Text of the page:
METAIRIE, La. -- Austin Carr laughed and poked fun at himself when he realized he had just done a little celebrity name-dropping about his recent appearance on “Good Morning America.”
But forgive the New Orleans Saints rookie receiver, who suddenly found himself in the national spotlight over the past week after people learned about his remarkable decision to donate his blood stem cells in college to help save a man he had never met who was suffering from lymphoma.
“Meeting him was one of the most special moments of my life. I would say it was one of those moments that I’m going to remember for the rest of my life,” said Carr, who finally got to meet the recipient, Roy Coe, during Super Bowl week in Minneapolis. (Donors and recipients can’t meet for at least a year.)
“I think Michael Strahan said it well on 'Good Morning America.' I mean, winning a Super Bowl would be great. But saving somebody’s life is even better,” said Carr, whose meeting with Coe was lauded through various media outlets and on social media. “To know that he’s going to be able to see his grandchildren and to know how grateful he was too, it’s just something that floors you. I didn’t have any speech ready for him. I just saw him and we embraced, and I met his girlfriend. And we would later go out to eat and just talk. It was just one of the most special moments of my life.”
Carr, who signed with the Saints during Week 1 after being released by the New England Patriots, said he was surprised by how much attention his meeting with Coe has received over the past week.
But that doesn’t mean he is shying away from it.
Carr said that as his career and platform grow, he would love to become “a bigger advocate and a bigger spokesman” for Be The Match, the organization operated by the National Marrow Donor Program that has created a database to match donors with patients in need.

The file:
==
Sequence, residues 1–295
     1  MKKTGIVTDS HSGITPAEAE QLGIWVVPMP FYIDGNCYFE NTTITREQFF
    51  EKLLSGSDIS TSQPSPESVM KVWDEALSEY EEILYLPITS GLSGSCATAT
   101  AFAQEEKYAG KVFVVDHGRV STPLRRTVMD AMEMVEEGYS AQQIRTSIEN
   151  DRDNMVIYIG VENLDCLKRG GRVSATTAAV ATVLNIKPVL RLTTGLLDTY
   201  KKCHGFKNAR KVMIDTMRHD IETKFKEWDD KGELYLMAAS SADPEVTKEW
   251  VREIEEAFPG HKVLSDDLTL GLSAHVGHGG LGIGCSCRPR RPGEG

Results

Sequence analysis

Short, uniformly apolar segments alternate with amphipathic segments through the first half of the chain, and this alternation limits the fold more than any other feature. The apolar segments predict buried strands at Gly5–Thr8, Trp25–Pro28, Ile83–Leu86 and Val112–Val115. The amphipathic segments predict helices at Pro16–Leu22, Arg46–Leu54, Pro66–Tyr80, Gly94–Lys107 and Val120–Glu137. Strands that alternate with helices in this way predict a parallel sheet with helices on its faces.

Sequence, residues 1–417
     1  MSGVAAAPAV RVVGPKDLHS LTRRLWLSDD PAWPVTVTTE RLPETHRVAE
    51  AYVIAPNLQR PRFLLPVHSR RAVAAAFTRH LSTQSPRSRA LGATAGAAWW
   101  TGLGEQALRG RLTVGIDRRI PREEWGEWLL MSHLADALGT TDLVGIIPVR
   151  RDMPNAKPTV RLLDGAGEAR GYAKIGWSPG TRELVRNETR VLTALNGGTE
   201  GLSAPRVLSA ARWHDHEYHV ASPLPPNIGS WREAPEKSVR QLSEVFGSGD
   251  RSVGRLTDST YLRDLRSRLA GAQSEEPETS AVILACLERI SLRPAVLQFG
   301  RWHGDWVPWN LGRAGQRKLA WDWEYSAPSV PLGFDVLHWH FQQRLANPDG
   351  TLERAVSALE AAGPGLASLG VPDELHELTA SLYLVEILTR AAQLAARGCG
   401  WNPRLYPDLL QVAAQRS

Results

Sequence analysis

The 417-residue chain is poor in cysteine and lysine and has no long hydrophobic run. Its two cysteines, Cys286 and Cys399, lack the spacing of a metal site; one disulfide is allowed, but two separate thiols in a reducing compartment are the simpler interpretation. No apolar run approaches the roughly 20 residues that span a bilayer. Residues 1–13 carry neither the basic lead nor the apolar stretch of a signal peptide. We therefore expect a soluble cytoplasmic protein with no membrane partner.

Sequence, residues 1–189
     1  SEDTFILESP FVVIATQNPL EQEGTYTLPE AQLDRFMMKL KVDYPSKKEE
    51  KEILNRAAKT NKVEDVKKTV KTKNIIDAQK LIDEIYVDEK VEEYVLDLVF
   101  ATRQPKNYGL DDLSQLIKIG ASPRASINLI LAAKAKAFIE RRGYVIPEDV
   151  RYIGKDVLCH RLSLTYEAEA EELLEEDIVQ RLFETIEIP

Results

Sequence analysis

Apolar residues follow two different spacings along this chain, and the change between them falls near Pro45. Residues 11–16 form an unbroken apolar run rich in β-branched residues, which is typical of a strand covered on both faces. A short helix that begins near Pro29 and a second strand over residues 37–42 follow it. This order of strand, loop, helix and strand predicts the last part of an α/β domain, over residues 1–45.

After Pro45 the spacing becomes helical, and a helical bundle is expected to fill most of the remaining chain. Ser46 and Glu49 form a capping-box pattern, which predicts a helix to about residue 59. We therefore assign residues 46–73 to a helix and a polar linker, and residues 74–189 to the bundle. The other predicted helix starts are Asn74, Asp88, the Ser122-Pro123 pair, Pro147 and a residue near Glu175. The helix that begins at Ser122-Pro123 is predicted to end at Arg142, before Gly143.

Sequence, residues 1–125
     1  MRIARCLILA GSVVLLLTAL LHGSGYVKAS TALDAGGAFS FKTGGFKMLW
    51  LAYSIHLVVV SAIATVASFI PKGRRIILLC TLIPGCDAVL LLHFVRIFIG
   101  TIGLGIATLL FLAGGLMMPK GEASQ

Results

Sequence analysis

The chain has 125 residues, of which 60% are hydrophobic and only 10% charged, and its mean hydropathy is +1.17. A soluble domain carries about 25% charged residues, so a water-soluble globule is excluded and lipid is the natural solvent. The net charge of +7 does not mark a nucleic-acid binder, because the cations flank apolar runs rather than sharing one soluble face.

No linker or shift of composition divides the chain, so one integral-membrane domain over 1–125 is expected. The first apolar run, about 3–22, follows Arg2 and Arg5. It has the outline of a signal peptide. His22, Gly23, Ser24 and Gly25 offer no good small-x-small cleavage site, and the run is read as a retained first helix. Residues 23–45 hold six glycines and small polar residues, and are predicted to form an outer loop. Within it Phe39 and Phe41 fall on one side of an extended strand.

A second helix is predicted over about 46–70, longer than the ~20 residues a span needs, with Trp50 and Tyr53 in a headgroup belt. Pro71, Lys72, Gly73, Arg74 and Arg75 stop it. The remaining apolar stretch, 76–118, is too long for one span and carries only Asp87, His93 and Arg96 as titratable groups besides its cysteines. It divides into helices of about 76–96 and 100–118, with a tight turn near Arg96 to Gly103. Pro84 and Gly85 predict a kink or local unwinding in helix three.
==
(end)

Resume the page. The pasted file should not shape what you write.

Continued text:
Saints coach Sean Payton and Patriots quarterback Tom Brady both helped to raise awareness earlier this year for Be The Match and the need for more mixed-race donors -- a cause that is near and dear to their agent, Don Yee.
“I imagine one day a hundred percent of NFL players decide to swab their cheek and potentially become a match for somebody,” Carr said. “I mean, how amazing would it be if we as a brotherhood, as a group of men who are heroes and leaders on the field, also just extend that to off the field?
“Guys have great charitable causes, and this is another opportunity for guys to show that it’s not just about what happens on Sunday, but it’s about what happens in the offseason, and it’s about how I care about my community and the people around me that really defines me as a person.”
Carr was basically “redshirted” in 2017, appearing in just one game. But he showed enough potential with both the Patriots and at Northwestern for the Saints to want to invest in him for the future. The 6-foot, 195-pounder set the school record at Northwestern as a senior in 2016 with 1,247 receiving yards and tied the school record with 12 receiving touchdowns on 90 catches.
But decisions that Carr made earlier in his Northwestern career led to last week’s life-changing experience.
He decided to have his cheek swabbed to be added to the database as a freshman, along with about 20 teammates, when the idea was suggested by former Wildcats kicker Jeff Budzien.
Then two years later, Carr got the call that he was a match for a patient in need.
Carr said he didn’t hesitate to say yes -- he just wanted to wait about a month so he could compete in Northwestern’s bowl game. And the timing worked out.
The process was fairly intensive. Carr spent five days on a medication that boosted his marrow production, then about five hours having the stem cells filtered from his blood in a procedure similar to dialysis. A natural side effect from the medication was an enlarged spleen, so Carr had to miss about a month of football activities.
“That was disappointing. But a ruptured spleen is a pretty quick way to die. So they kept me out of collision sports and things for a while,” Carr said. “But that’s not a high price to pay for Roy’s life, so it was definitely worth it.”
It became even more worthwhile last week.
“I finally had a face. I can’t even say a ‘face to a name’ because I didn’t even know his name,” Carr said. “So you have a face to kind of what you’ve been thinking about. The person you’ve been praying for for months on end, I mean, there he is. So in many ways it felt like an answer to a prayer.”